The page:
Thursday, 14 May 2009

My theory suggests that there is something not quite right with the "common-sense" approach to reality. When I discuss these issues with the public I find that most people assume that the world "out there" is exactly as their senses tell them it is. A classic example of this was the heated debate on this very subject that took place on the Graham Hancock site in April. it is clear to me that for many there is no mystery and that I am somehow a little bit crazy in the way I evaluate consciousness and its interaction with reality.

However I suggest that it is common-sense that is in error and that the masses are deluding themselves in their enthusiasm to remain in their "comfort zone". Indeed I find that sometimes people can become quite aggressive when I suggest that they reflect back on themselves and for a second or two evaluate the real nature of consciousness and perception.

An example of this is that a few days ago I was in discussion with my optician. He was testing my eyesight with all his latest equipment and in the course of our conversation I brought up the question of the "blind spot" in our field of vision. There is a blind spot in each eye where there are no photoreceptors. This is because there has to be a place where the optic nerve is positioned. We don't usually notice the blind spot. However it is always there. I mentioned to the optician that I thought it odd that the brain seems to "fill in the missing section of vision". The optician disagreed with me and said that there was no mystery at all. He explained that we do not notice it for one simple reason; what falls on the blind spot of one eye does not fall on the blind spot of the other. He added that because the eyes are in constant motion so that what falls on the blind spot now does not fall on it a second later. For him that was the simple answer.
This was a typical response of a professional who was dealing with an enthusiastic layperson. I was wrong in my assumption and his opinion was correct. There is no mystery. However there is, a huge one, and one that I guess either he was not aware of or simply wishes to ignore it because it simply does not fit in with the present scientific paradigm. I could have mentioned this to him but decided against it. After all, what would be the point?

So why am I so sure that he is wrong? Well, try this experiment. Keep your head very still and stare at a blank surface such as a wall. Close one eye. Now there will be no overlap of the fields of vision so one eye will not compensate for the other (the optician's central argument). As you are not moving your head there is also no overlap of monocular vision as your single eye stares straight ahead. But still there is no blind spot! In fact it is quite difficult to demonstrate the blind spot and this involves staring at an object with one eye open at a specific distance. So for me there can only be two conclusions to be made about the opticians response - either he knew that the mystery did exist and pretended it didn't or he was simply unaware that the "received wisdom" was wrong.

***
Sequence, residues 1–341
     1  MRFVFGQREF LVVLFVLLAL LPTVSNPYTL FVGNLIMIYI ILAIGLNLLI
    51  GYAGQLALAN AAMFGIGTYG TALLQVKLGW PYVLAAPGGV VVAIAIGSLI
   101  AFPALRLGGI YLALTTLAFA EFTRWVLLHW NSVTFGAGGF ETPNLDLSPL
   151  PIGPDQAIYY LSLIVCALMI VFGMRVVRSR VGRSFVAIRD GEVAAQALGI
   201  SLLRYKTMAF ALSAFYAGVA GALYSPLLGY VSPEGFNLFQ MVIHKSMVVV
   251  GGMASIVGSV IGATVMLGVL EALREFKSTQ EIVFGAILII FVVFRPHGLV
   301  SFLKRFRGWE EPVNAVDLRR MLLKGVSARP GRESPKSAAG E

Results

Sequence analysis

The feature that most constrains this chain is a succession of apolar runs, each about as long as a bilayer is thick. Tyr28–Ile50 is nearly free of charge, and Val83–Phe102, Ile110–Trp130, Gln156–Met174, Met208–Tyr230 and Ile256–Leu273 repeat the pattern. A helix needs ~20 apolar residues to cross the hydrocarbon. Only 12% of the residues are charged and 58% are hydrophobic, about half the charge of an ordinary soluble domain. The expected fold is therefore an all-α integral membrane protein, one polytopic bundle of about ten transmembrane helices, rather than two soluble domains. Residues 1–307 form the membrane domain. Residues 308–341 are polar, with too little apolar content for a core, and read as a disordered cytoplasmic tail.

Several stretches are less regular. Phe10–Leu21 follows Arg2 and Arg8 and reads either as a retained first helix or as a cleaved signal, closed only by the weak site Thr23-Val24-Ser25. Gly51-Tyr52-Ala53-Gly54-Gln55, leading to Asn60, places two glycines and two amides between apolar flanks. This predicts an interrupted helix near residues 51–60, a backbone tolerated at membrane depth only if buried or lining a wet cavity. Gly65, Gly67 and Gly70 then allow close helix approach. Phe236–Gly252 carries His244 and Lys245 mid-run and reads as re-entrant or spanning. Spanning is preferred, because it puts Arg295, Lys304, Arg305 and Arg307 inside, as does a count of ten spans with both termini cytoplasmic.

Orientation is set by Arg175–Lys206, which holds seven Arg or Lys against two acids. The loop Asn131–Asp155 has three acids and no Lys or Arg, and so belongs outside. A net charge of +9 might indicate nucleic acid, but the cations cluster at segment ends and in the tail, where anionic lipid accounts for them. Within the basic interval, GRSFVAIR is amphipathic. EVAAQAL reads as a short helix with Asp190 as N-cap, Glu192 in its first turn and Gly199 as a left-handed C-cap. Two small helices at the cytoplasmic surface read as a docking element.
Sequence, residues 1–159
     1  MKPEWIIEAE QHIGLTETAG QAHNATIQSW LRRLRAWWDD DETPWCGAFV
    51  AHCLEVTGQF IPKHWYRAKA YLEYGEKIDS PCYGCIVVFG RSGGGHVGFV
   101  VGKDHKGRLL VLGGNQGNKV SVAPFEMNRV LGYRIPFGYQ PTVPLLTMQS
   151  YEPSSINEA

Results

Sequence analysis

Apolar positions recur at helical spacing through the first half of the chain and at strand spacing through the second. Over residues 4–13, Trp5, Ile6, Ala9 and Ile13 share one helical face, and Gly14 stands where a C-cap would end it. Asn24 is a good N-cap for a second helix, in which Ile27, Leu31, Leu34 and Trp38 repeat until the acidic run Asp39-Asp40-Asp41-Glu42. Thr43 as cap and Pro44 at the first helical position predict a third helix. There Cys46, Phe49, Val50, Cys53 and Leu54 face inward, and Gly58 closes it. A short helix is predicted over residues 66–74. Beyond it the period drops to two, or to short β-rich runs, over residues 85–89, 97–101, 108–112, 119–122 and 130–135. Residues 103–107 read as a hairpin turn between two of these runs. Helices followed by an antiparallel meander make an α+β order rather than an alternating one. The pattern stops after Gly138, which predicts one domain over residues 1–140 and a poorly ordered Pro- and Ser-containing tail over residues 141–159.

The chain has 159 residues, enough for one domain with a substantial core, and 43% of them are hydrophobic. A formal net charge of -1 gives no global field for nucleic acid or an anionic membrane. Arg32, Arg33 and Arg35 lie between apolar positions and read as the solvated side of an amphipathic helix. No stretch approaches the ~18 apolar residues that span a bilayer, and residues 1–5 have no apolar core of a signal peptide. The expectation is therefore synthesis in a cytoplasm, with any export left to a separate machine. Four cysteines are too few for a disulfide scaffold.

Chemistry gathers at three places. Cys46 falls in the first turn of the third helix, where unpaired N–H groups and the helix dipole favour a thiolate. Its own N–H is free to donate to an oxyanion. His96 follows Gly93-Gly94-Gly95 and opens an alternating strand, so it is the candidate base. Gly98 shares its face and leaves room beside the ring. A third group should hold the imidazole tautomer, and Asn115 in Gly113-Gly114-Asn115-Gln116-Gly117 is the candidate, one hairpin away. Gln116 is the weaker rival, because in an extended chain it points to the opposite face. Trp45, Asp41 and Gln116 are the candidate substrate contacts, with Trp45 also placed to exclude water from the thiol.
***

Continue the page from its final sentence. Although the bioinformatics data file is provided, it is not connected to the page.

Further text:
And this really is a huge mystery because it implies that the brain, not the eye, fills in the missing information. But what is weird is that it fills in the information so seamlessly that we do not notice it. We are fooled into believing that we have an unbroken field of vision.
The philosopher-scientist Daniel Dennett argues that the information is not "filled in" but it is simply ignored. But this does not make the process any stranger. This suggests that the brain can manipulate or field of vision to the extent that areas are "ignored". This still implies that what we actually perceive is not what the eyes actually "see".

Indeed the above is somewhat of an understatement. Again most people assume that what is focused on the back of the eye is what is "seen" in the brain. They are taught that the retina simply acts like role of film at the back of a camera. The light comes in through the lens, the photons/waves (see my recent postings on this additional mystery below) then land on the light sensitive film and an image is created. This photograph is then sent to the brain and "presented" to consciousness. However this "snapshot" analogy is totally inadequate.